Vialle: For sure, learning the tracks, I mean in Supercross they change them every week anyway but yeah, the Nationals, they will be way better for me next year. I will already know the track(s) so that will be a big help for me next year.

GateDrop: Do you enjoy the AMA Nationals tracks? They’re quite a bit different to MXGP where the tracks are rough and technical so you need to be smooth whereas in America it is very intense!

Vialle: It is way different. I mean the intensity is way higher and actually the tracks for me are more rough in the US than at the GP’s. I mean when we went back to Ernee, the track was kind of flat. I have been racing for four years in Europe so I know everything, the tracks are way more different. There’s way more ruts in the US and the bumps are sometimes bigger…

GateDrop: Lommel (laughs)…

Vialle: Yeah, but Lommel is a different kind of track, sandy. I just talk about the normal track. I mean I didn’t talk to Jorge (Prado) about it but I have seen he has been speaking a lot that the GP’s are way more tough than in the US. But I just want to say come on, I have been racing in Europe for four years and I know it is pretty rough over there. We can’t compare, the speed is higher but the tracks are also tough and I am sure if Jorge comes to one outdoor that he will say the track will be rough with a lot of ruts and some big bumps. Sometimes we don’t even see that in the GP’s to be honest, just to finish on that, sometimes in GP’s, the dirt is really hard so it’s very different, it is tough to ride but in a different way. In the US, there’s a lot of traction but with big bumps and big ruts, it is way different and to be honest more rough than the GP’s. We cannot say the tracks are flat in USA and they’re way more rough in the GP’s, that is really not true to be honest.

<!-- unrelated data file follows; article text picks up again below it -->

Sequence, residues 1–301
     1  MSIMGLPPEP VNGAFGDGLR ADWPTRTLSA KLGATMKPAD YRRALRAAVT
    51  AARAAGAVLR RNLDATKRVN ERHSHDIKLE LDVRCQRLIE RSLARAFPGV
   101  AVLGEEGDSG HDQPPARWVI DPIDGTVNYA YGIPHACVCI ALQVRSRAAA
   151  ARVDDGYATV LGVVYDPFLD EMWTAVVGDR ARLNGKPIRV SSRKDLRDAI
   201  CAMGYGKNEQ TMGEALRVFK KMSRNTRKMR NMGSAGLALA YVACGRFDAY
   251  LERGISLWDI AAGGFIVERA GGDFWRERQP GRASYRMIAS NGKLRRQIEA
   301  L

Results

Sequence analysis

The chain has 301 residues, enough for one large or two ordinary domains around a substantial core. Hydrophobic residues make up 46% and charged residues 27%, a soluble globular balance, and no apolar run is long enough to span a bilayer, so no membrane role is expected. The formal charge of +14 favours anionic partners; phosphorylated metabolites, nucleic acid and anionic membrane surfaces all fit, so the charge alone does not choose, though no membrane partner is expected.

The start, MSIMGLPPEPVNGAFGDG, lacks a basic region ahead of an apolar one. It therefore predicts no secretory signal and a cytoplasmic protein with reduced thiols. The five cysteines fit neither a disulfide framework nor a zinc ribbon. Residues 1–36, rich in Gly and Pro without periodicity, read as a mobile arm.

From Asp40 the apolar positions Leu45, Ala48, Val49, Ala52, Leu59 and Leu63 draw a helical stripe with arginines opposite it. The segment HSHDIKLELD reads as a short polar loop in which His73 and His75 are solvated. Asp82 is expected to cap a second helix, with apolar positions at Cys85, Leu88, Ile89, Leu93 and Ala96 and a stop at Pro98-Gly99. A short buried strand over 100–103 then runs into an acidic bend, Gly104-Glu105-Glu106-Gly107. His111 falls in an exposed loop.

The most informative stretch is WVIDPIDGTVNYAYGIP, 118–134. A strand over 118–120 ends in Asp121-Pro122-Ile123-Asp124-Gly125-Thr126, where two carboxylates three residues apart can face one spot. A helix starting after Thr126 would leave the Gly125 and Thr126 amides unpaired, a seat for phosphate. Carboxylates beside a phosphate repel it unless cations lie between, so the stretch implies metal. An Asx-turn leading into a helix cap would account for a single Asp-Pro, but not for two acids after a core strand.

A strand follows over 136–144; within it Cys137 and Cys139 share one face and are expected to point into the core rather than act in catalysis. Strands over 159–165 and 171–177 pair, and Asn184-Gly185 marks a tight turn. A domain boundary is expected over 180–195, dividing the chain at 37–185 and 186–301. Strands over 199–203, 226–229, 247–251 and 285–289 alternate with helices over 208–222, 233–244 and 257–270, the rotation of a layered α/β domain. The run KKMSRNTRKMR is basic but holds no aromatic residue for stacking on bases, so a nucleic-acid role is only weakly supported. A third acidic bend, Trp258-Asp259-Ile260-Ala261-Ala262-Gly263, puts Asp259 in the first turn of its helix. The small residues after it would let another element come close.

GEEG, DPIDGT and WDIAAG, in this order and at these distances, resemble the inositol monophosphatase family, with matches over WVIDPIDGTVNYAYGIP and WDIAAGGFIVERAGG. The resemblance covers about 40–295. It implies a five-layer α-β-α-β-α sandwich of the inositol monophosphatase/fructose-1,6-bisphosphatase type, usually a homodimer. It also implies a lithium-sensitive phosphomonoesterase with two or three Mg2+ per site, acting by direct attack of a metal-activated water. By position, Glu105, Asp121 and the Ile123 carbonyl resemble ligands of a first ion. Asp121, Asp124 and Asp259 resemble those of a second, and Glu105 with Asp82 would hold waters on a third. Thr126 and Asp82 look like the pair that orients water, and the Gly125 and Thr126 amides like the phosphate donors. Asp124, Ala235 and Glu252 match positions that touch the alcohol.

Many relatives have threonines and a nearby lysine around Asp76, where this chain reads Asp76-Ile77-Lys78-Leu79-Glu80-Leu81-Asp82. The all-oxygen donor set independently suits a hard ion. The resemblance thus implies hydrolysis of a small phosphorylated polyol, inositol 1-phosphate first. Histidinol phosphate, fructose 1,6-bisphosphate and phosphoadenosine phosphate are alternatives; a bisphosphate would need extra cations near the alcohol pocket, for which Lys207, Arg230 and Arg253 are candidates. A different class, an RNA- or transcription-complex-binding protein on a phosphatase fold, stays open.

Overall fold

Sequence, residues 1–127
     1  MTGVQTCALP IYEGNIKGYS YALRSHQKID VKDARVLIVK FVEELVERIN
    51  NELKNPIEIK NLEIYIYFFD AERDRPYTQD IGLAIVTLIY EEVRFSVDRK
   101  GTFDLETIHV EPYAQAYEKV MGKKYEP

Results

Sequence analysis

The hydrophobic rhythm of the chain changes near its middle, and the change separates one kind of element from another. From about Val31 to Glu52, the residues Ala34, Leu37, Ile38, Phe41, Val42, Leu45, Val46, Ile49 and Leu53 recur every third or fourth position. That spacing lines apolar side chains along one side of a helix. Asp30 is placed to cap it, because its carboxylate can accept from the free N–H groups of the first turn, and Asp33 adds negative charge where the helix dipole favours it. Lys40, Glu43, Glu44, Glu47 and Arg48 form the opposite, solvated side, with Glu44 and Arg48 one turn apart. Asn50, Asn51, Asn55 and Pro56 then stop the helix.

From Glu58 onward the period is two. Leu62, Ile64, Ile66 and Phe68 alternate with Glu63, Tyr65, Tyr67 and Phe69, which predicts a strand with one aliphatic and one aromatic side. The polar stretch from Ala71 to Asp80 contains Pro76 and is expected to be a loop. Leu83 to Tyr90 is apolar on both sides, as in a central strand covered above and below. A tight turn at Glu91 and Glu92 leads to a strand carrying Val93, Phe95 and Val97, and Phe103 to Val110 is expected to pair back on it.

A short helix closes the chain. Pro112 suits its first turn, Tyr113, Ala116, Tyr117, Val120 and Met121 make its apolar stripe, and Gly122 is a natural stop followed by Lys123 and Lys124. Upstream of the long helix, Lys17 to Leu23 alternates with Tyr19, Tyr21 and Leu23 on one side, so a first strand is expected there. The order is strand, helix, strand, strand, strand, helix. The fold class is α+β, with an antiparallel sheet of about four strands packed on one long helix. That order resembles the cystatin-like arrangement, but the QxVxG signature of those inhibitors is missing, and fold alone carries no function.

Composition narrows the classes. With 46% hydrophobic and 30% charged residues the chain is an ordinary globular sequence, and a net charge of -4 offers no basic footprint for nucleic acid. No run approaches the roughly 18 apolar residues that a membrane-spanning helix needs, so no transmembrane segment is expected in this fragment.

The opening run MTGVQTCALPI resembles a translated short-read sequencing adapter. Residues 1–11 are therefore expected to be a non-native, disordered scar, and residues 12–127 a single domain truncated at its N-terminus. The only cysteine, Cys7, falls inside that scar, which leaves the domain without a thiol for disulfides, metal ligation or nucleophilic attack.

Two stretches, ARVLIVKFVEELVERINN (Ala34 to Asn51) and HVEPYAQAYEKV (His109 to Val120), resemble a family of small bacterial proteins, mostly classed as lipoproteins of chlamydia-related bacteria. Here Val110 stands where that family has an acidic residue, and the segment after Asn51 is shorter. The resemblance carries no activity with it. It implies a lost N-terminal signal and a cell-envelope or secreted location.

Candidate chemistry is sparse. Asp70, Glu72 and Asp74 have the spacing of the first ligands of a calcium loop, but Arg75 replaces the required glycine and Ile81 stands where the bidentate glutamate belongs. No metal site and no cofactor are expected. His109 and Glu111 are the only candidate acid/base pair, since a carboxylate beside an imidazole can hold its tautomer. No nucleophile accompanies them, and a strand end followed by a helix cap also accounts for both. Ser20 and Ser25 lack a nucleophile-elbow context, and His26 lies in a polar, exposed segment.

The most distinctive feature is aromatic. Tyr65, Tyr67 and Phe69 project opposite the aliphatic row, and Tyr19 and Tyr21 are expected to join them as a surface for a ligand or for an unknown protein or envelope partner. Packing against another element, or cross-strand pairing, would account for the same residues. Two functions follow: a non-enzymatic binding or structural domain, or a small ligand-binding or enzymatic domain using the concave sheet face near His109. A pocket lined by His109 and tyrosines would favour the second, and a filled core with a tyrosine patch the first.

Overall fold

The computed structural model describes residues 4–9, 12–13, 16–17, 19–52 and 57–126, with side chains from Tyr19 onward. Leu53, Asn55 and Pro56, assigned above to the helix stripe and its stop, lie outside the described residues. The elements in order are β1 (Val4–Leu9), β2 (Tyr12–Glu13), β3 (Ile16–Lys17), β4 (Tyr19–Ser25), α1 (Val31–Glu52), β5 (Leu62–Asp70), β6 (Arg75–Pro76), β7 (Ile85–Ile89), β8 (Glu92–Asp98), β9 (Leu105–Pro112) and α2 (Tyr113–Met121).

GateDrop: At the same time, Southwick, a rough sand track, you showed you were the man that weekend in tough conditions…

Vialle:  For sure. I mean if you race Lommel, it is the toughest track of the year. For example, Southwick which is the track I won at this year, is not as tough as Lommel but I just talk about hard pack track and normal tracks. Sometimes they get really rough to be honest.

GateDrop: Was it nice being back in France racing the MXoN at Ernee? What a weekend, just amazing for team France and you almost won the second moto outright on your 250cc, unreal!

Vialle:  At Ernee, the dirt was just like a European track to be honest, it gets really hard pack, not so much ruts or bumps. It was a normal GP track that I am used too so I was feeling good, It was a great weekend and it was nice.

GateDrop: Just on the future, do you just take it one year at a time, or do you see your long term future in America? Or could MXGP be an option?

Vialle:  For sure, I take it one year at a time but I want to stay in the US, yes.

Interview: Andy McKinstry

Images: Kevin Frelaud/Daily MX

More motocross news